IMF says Greece debt 'explosive' in long term

WASHINGTON, DC, USA – Greece's government debt remains "highly unsustainable," and will be "explosive" in the longer run, requiring a more credible debt relief plan from Europe, the International Monetary Fund said in a report obtained by Agence France-Presse.

Addressing the debt burden of the beleaguered nation will require "significant debt relief" from European institutions, including dramatically extending the grace periods and maturities of the loans, the IMF said in it's annual report on the Greek economy, which includes a debt sustainability analysis.

The IMF board is due to discuss the report February 6.

Even with full implementation of the economic reforms the country has agreed to, "Greece's debt is highly unsustainable" and "will become explosive in the long run," as the government will have to replace highly-subsidized official financing with market financing at much higher rates, the IMF said.

The pessimistic report, though in keeping with the fund's repeated statements on the topic, makes it more unlikely the IMF stays on the sidelines of any new European loan deal for Greece.

Months of bickering have delayed progress of Greece's 86-billion-euro ($92.4 billion) bailout program agreed in 2015 and officials increasingly are worried that elections this year in the Netherlands, France and Germany could further poison any progress.

The IMF report says that in order to "provide more credibility to the debt strategy for Greece, further specificity will be needed regarding the type and scope of debt relief to be expected" from Europe.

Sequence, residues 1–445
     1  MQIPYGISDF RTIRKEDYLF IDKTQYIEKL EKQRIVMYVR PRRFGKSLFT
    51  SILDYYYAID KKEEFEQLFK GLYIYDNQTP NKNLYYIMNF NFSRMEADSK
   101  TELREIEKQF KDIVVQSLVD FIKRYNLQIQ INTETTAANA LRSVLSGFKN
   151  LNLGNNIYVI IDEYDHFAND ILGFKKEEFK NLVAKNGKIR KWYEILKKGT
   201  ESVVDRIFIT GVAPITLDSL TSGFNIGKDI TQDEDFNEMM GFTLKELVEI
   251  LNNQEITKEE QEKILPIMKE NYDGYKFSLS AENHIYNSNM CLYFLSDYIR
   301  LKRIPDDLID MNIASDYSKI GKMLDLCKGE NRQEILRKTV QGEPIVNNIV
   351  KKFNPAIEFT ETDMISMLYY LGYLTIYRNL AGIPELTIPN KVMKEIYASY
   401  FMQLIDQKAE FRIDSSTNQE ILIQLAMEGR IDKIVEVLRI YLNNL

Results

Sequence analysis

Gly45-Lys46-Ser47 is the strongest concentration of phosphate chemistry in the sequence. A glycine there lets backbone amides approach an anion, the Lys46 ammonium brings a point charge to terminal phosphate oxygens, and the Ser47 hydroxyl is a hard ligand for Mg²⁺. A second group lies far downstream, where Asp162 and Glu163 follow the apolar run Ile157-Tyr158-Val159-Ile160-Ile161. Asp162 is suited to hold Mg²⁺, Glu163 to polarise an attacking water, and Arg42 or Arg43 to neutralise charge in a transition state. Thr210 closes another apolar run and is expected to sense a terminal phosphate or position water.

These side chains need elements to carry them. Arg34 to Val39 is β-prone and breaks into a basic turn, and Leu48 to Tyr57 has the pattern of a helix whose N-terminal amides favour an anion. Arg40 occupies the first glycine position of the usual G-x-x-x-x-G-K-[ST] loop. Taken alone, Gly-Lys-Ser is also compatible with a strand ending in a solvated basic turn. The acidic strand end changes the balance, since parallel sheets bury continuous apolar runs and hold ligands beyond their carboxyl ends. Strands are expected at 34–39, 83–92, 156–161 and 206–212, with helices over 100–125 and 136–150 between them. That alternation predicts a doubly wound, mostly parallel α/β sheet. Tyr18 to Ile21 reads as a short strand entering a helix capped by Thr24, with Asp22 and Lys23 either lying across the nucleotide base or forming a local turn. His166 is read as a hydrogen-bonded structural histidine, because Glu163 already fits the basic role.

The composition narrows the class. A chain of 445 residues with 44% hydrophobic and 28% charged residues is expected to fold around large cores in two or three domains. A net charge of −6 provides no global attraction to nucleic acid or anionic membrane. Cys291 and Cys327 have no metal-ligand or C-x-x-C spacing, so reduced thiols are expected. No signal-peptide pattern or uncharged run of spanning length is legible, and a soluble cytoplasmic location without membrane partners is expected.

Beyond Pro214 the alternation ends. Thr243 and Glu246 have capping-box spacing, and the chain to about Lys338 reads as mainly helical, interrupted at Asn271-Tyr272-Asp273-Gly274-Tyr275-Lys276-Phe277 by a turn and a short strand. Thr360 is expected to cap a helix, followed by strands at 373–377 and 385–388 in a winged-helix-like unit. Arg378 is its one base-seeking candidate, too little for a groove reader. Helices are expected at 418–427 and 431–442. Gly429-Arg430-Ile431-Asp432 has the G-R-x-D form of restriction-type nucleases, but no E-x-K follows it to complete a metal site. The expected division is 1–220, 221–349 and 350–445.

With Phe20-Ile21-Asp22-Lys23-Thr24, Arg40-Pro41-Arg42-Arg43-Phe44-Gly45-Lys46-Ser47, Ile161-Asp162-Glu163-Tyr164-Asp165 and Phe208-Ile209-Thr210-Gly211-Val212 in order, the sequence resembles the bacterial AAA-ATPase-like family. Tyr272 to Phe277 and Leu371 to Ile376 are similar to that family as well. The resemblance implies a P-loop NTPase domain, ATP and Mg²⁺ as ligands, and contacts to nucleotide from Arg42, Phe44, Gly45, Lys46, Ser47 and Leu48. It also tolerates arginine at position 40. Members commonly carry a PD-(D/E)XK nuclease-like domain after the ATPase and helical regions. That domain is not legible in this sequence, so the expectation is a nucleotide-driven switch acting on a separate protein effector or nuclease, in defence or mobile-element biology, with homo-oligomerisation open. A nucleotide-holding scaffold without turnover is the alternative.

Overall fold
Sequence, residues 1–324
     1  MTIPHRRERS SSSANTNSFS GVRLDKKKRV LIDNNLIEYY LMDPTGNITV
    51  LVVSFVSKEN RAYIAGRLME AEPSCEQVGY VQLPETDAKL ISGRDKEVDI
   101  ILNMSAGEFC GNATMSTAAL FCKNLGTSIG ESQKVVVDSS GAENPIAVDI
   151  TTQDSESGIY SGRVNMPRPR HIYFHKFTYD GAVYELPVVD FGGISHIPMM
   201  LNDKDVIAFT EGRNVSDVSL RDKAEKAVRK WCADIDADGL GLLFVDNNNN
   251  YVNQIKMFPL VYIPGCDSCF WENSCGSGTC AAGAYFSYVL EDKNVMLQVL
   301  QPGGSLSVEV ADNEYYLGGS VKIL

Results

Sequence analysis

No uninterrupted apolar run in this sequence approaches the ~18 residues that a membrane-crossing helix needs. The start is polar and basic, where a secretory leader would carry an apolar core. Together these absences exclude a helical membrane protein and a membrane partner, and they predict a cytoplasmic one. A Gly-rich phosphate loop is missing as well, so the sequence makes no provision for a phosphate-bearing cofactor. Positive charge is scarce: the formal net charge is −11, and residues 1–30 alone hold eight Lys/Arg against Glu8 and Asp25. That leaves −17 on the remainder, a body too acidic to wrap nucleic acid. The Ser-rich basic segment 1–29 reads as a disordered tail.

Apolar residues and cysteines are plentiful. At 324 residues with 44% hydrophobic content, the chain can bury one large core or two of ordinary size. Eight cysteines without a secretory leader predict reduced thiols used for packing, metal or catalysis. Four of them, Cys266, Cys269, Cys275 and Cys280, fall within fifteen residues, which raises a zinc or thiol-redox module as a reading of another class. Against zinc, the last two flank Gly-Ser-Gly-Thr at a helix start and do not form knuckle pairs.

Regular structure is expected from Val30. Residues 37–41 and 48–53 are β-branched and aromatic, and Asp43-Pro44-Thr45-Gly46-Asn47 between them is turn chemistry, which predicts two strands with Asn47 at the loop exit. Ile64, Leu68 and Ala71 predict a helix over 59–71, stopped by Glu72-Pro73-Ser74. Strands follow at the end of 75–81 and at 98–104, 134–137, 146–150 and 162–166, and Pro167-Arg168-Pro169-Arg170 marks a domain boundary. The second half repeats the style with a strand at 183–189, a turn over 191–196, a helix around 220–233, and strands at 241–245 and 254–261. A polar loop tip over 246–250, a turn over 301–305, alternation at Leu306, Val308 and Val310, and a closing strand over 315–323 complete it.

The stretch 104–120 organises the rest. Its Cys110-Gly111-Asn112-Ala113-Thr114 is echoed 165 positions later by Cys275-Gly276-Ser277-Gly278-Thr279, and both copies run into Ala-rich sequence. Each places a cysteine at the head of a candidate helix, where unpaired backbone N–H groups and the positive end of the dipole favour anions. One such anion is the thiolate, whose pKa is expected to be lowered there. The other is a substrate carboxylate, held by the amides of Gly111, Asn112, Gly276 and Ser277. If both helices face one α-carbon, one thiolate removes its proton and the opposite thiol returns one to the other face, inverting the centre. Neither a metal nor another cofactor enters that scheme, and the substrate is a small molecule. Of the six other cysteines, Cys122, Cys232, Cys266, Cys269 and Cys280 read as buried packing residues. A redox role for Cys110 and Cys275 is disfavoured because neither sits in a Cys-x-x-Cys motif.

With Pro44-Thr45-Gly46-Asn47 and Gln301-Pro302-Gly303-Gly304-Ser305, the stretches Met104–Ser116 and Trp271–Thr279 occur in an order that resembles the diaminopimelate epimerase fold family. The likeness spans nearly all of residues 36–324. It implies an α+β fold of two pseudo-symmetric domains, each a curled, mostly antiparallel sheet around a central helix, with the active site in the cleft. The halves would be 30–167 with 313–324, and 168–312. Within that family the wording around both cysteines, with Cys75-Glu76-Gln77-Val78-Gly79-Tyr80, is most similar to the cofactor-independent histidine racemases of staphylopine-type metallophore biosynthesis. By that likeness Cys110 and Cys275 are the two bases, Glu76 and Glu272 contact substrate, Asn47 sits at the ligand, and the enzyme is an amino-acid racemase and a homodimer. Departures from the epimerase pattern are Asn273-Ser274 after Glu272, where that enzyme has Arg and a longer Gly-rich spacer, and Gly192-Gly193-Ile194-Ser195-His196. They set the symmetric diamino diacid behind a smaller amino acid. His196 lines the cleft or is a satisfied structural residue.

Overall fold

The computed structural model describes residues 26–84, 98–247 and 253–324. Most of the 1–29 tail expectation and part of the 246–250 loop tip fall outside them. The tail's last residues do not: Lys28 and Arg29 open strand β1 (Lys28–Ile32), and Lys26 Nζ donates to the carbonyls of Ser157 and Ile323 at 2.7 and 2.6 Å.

This must include "ambitious extensions of grace and maturity periods, a full deferral of interest on European loans, as well as a locking in of the interest rate on a significant amount of European loans ... to put debt on a sustained downward path."

The IMF calls for extending the grace period until 2040, during which time no debt payments would be required, and extending the maturity of the loans to 30 years in some cases to 2070, dramatically longer than what Europe agreed to in 2012.

At the heart of the dispute over the new loan program is a demand by the eurozone that Greece deliver a primary balance, or surplus on public spending before debt repayments, of 3.5% of GDP, far in excess of the 1.5% the IMF says is feasible.

The target is very high – and most countries do not even come close – but Germany and other eurozone hardliners are insistent that Greece reach it for several years after its current program concludes in 2018.

Eurogroup head Jeroen Dijsselbloem insisted on Thursday, January 26, that the IMF remained committed to the Greek bailout program, despite repeated calls by the IMF for more realistic targets and more debt relief. –